But scientific distinctions between individual forms of mobility—for instance between tourism and migration—can no longer be maintained if social actors develop new practices that are categorically irresolute and react to flexible economicoptions and legal parameters, such that, for example, a tourist visa is used for entry and then, if necessary, facilitates gainful employment. The fluid blending between tourist trips and second-residence migration is also typical, as is the relocation of migrants from northern to southern Europe as they look for retirement homes. At the same time, tourist destinations are attracting labor migration so that different types of mobility coalesce and overlap in areas such as the Alps or the Mediterranean region.[7] Research about mobile actors, too, is adapting to this new situation: researchers are themselves becoming mobile and travel with the people they are investigating.[8]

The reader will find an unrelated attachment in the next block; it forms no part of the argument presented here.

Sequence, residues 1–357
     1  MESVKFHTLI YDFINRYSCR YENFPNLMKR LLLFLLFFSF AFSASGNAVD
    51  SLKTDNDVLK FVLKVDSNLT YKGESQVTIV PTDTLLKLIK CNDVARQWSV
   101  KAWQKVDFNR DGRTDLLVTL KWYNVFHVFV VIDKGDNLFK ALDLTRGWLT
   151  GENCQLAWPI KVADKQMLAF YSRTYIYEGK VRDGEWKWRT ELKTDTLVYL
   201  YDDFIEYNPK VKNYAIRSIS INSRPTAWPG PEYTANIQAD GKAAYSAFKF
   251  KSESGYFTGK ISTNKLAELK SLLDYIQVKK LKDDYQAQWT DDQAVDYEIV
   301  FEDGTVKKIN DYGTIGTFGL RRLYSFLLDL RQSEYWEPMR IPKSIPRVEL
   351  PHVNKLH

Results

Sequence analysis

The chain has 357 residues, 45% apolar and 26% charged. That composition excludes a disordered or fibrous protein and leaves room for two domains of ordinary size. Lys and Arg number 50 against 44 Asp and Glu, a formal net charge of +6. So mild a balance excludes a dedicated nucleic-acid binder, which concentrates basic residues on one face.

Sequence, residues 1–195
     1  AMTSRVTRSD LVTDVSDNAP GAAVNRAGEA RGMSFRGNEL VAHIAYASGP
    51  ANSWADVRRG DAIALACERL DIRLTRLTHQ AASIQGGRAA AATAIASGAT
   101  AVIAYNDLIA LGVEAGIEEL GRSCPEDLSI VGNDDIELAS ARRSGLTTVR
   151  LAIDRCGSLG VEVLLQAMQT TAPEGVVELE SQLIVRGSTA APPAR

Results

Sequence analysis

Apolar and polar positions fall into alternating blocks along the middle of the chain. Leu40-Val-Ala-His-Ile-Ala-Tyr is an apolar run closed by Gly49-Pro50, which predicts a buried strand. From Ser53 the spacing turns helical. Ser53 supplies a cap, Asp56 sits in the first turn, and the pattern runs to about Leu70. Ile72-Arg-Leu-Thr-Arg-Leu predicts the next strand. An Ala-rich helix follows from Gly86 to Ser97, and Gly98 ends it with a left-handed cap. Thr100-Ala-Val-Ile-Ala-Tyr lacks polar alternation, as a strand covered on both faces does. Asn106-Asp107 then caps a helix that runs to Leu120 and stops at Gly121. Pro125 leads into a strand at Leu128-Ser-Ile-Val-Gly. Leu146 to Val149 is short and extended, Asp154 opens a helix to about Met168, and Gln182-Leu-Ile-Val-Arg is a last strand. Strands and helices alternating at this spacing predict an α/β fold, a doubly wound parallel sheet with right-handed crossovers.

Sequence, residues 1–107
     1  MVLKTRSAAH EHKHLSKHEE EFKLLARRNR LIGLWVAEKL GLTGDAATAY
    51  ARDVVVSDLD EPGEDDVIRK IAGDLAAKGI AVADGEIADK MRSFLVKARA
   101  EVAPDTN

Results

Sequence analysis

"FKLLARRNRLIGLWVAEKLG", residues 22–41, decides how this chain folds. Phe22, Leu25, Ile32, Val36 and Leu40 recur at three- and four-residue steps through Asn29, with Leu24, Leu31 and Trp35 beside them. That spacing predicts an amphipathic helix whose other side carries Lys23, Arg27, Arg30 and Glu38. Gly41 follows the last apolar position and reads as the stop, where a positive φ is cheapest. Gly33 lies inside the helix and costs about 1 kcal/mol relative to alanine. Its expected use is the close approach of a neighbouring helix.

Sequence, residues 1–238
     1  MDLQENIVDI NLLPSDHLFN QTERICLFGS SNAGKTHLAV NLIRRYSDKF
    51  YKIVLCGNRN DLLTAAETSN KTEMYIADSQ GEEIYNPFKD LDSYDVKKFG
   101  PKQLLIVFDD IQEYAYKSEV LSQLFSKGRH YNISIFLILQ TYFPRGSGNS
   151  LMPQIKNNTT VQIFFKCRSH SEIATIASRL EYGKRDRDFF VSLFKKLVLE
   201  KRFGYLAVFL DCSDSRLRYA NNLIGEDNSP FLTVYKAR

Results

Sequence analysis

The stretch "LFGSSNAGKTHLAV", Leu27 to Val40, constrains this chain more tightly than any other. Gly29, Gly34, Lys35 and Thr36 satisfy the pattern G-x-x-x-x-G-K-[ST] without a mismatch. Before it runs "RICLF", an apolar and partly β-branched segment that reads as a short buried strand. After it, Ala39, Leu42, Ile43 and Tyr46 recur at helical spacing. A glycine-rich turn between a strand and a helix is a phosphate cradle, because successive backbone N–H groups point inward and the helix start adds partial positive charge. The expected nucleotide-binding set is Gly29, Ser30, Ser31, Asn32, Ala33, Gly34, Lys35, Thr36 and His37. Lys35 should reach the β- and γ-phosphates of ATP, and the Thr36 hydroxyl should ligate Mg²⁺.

1. [1]Sabine Hess, Globalisierte Hausarbeit. Au-pair als Migrationsstrategie von Frauen aus Osteuropa (Wiesbaden: VS Verlag für Sozialwissenschaften, 2005).
  2. [2]Jürgen Osterhammel, “Wann fing die Globalisierung an?”, in Globalisierung 2.0, ed. Helmut Gold, Gundula Bavendamm and Benedikt Burkard, 18–26 (Heidelberg: Edition Braus, 2007).
  3. [3]Mimi Sheller and John Urry, “The New Mobilities Paradigm,” in Environment and Planning 38 (2006): 207–26.
  4. [4]Johanna Rolshoven, “Mobile Culture Studies – Kulturwissenschaftliche Mobilitätsforschung als Beitrag zu einer bewegungsorientierten Ethnographie der Gegenwart,” in Kultur – Forschung. Zum Profil einer volkskundlichen Kulturwissenschaft, ed. Sonja Windmüller, Beate Binder und Thomas Hengartner, 91–101 (Münster: Lit Verlag, 2009).
  5. [5]Jana Binder, Globality. Eine Ethnographie über Backpacker (Münster: Lit Verlag, 2005), 219.
  6. [6]Hess, Globalisierte Hausarbeit.
  7. [7]Ramona Lenz, Mobilitäten in Europa. Migration und Tourismus auf Kreta und Zypern im Kontext des europäischen Grenzregimes (Wiesbaden: VS Verlag für Sozialwissenschaften, 2010).
  8. [8]Binder, Globality.